3. Looking Northwards and Studying the Shadow Position.
Magus used ten pegs, one for each finger, but as he had no clock the pegs were put in unequal time intervals. This did not affect the smooth curve (pink line) of the points. Although he knew nothing about graphs or “interpolation” he was quite capable of “joining up the dots” as nursery children do today.
He discovered that if he stood with his back against the Meeting Tree, and looked at the peg of the shortest shadow, it always pointed in the same direction, exactly north, and not just “about north”. The direction could be found more accurately by using taller sticks and sighting along them from the Meeting Tree. On our map of the village, due north was a line which touched the right hand edge of Moon Lake and the right side of Woody Hill.
He also found that if he stood right over the peg of the shortest shadow, and looked towards the sun, the top of the Meeting Tree was always exactly between the two peaks of Breast Hill. This was the direction, exactly south. Later, he realised than if you wanted to know the exact middle of the day, it was when the sun was directly in line with Breast Hill.
Over time, everyone realised that these observations were true every day, every time you plotted the shadows. The exact positions of north and south can now be shown on the map of the village. Everyone now knew exactly when the middle of the day occurred.
4. The Village at the North / South Measurement Stage
Magus had also discovered that if he put just one peg in at sunrise and another peg in at sunset, on the same day, the two pegs gave a special line. This line always pointed in the same directions, no matter what day you chose, or what time of the year you did the peg marking. It was the line of exactly east and west, no longer “about east” and “about west”.
Now, due west from the village was a line which just touched the right side, of the left hand peak, of Three Peak Hill. Due east was a line which touched the right hand edge of Arrowhead Wood. (5)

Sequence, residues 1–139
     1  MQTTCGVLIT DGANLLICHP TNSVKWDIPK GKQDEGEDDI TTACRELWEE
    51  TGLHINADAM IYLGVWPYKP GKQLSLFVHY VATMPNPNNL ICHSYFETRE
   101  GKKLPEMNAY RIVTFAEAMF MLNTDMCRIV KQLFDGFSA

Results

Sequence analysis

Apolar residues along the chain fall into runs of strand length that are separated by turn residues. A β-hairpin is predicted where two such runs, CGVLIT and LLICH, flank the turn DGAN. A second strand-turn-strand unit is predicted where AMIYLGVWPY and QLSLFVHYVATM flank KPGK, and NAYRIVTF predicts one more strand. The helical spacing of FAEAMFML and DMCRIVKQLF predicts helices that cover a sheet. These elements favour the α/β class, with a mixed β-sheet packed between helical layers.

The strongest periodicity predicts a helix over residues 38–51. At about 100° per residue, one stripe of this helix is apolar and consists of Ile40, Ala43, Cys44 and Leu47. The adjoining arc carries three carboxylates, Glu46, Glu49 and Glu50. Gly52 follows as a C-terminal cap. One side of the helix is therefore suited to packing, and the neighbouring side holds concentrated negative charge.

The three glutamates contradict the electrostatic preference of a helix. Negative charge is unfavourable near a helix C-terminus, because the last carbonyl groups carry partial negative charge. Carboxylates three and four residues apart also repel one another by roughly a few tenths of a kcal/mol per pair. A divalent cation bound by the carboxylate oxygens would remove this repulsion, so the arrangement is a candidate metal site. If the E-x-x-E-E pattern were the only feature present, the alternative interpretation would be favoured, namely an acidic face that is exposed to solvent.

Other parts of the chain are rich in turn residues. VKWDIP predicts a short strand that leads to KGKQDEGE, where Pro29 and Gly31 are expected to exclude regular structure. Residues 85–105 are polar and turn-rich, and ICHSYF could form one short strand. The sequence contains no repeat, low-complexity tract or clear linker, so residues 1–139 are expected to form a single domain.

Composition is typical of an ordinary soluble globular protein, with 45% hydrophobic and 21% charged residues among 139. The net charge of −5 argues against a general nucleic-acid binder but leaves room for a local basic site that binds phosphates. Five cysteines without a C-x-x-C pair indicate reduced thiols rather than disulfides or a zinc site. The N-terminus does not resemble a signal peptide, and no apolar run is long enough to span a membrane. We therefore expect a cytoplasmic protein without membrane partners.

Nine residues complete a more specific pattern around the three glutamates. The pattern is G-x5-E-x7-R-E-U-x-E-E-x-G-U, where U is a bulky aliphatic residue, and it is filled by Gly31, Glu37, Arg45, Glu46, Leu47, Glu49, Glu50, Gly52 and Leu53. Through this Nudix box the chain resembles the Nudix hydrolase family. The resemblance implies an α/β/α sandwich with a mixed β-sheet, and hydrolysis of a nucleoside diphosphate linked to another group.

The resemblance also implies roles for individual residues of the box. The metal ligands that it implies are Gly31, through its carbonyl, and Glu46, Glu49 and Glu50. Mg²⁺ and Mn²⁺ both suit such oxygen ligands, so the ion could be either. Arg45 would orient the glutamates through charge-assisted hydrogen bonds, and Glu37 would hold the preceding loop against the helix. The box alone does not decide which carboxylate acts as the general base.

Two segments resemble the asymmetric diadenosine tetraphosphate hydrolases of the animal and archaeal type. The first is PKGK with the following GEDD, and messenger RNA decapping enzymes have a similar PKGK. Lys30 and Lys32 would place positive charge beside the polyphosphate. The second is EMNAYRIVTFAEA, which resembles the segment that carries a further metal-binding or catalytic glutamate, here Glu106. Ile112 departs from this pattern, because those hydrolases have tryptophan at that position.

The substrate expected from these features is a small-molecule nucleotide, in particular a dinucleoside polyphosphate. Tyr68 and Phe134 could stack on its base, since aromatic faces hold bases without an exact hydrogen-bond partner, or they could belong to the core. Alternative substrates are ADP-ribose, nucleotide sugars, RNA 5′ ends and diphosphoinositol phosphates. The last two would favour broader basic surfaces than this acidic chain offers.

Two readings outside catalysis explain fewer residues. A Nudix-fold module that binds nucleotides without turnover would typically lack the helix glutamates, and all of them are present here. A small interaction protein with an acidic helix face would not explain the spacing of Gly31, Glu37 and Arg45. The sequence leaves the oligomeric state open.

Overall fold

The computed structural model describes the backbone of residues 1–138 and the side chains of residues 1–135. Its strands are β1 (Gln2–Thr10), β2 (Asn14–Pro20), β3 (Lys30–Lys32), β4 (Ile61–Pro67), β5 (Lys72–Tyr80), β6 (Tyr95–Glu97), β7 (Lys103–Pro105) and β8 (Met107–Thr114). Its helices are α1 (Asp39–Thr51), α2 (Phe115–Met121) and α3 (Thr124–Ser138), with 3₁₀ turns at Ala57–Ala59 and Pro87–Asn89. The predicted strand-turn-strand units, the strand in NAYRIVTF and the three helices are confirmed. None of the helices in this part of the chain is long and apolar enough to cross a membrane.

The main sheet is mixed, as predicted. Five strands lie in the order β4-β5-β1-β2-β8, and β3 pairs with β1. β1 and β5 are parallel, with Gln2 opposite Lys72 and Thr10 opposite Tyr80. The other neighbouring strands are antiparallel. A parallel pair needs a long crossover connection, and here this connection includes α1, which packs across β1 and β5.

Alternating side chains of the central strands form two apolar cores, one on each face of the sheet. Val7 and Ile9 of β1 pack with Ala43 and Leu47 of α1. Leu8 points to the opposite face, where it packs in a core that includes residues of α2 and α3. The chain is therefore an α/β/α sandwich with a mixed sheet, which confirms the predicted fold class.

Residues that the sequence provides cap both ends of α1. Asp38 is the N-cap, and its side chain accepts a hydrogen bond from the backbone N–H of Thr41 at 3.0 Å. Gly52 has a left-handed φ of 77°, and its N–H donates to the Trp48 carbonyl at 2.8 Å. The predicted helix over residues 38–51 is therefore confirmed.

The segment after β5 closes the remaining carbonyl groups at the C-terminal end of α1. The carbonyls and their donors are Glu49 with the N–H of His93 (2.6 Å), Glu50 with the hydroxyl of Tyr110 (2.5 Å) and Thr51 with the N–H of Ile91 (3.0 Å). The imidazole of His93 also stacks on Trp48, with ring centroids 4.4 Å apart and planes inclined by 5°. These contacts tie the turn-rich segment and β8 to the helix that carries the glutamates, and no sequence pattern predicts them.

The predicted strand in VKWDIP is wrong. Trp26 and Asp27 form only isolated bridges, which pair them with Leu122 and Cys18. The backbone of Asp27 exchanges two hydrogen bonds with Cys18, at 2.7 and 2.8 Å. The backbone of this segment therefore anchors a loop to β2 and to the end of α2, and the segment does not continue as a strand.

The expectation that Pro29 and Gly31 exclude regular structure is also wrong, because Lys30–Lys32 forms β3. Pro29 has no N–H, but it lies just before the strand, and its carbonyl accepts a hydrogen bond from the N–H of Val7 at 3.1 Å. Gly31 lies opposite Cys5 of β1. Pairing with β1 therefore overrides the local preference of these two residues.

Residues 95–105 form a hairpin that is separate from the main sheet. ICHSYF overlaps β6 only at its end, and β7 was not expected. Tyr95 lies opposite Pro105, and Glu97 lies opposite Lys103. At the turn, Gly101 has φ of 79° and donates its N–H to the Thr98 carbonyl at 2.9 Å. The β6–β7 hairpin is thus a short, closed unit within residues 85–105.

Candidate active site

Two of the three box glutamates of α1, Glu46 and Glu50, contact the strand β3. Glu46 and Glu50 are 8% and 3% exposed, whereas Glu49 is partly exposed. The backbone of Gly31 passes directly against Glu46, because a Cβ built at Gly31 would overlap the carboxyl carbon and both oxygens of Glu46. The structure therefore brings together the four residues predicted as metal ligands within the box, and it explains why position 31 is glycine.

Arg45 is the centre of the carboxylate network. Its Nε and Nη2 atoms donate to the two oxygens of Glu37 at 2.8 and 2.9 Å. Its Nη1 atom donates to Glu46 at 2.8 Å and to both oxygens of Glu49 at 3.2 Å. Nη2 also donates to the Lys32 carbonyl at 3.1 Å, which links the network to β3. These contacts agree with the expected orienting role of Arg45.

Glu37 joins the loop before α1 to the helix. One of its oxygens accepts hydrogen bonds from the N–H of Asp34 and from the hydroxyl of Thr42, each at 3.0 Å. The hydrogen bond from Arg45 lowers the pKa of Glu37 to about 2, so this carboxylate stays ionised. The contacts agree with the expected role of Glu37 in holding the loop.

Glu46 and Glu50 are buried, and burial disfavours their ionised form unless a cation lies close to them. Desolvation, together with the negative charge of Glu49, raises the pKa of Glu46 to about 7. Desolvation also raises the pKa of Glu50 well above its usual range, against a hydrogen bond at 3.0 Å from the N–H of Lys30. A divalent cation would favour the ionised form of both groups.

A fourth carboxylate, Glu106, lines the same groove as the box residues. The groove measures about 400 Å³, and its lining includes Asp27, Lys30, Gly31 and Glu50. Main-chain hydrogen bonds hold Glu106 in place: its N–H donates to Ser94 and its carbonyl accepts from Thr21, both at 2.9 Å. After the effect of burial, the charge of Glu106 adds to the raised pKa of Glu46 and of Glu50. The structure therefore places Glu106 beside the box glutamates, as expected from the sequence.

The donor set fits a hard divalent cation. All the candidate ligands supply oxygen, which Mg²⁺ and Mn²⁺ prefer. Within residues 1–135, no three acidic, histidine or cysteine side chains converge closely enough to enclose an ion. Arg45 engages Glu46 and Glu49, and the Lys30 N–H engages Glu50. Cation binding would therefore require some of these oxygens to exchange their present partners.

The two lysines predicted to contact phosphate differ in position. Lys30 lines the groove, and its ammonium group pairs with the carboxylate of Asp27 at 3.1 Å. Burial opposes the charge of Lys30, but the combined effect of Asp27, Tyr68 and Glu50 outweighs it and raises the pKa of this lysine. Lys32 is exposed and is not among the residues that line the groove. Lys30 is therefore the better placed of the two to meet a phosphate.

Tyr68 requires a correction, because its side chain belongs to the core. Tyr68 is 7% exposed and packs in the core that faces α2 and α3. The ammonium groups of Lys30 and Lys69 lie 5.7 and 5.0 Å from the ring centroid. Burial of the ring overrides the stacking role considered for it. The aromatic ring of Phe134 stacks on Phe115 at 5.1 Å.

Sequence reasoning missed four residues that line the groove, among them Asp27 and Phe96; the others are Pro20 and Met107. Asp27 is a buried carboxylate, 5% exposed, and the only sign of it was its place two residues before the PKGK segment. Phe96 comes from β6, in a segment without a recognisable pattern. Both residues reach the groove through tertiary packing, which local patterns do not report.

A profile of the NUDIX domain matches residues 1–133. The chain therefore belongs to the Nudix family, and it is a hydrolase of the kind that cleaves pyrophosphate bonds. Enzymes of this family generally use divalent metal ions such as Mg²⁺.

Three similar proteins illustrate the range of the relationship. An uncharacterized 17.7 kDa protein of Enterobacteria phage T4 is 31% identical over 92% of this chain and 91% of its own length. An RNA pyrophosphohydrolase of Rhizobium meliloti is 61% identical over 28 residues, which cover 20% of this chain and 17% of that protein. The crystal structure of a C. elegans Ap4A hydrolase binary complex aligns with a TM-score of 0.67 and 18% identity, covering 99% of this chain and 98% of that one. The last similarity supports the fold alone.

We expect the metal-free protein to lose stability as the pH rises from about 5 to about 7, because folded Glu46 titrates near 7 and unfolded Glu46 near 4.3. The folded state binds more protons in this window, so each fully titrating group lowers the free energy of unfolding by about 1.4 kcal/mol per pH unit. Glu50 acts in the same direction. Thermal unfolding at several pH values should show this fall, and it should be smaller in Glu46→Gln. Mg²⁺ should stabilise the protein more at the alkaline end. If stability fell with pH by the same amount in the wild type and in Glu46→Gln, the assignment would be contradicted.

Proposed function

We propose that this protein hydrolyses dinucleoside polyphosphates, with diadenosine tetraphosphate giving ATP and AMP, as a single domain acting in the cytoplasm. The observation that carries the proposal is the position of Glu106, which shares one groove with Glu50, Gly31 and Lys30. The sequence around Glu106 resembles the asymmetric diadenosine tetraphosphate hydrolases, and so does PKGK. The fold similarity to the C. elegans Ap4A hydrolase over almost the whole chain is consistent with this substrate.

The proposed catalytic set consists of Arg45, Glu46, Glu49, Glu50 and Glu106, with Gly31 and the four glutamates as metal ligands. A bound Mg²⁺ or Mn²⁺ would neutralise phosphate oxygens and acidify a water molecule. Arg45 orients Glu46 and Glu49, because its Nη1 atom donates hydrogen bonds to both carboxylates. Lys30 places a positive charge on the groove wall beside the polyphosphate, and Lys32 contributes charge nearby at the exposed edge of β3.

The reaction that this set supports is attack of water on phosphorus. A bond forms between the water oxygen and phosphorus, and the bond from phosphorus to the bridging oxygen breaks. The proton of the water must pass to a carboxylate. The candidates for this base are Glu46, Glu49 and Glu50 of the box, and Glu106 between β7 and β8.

Scientist or Magician?
The tribe were amazed at the discoveries of Magus when he explained them at the Meeting Tree. (6) They regarded him now as a kind of magician, a master of hidden mysteries. Although these discoveries did not yet affect the members of the tribe they were enthusiastic about his work and encouraged him to go on. They were proud of him when people visited from other tribes, and were impressed at the findings.
5. The Village at the Four Compass Points Stage
6. Magus Explains His Discoveries
(ii) The Calendar of Solstices and Equinoxes
Magus had the help of a young boy, Eos, as he was doing his measurements. He was an intelligent child and suggested a set of observations to Magus. The sun never seemed to rise in the same place during the year. Instead of checking the sun’s shadow over a single day, and then pulling out all the pegs afterwards, why not try pegging just sunrise and sunset for a whole year?
It was a bold suggestion and would need some planning, but Magus immediately saw the value of the idea. It only needed two measurements a day and would not prevent them from doing other observations. How many days were there in a year? No one knew, but they were going to need a lot of pegs.
7. Students of the Sunrise
They had begun recording in the warmer weather and the sun rose to the north of east. As the days went by, the sunrise direction gradually moved further to the north. Eos had noticed that the short shadow from directly south, at mid-day was growing even shorter. He suggested to Magus that they measure this with pegs as well.
Both Magus and Eos knew they were moving towards mid-summer. Eos thought that at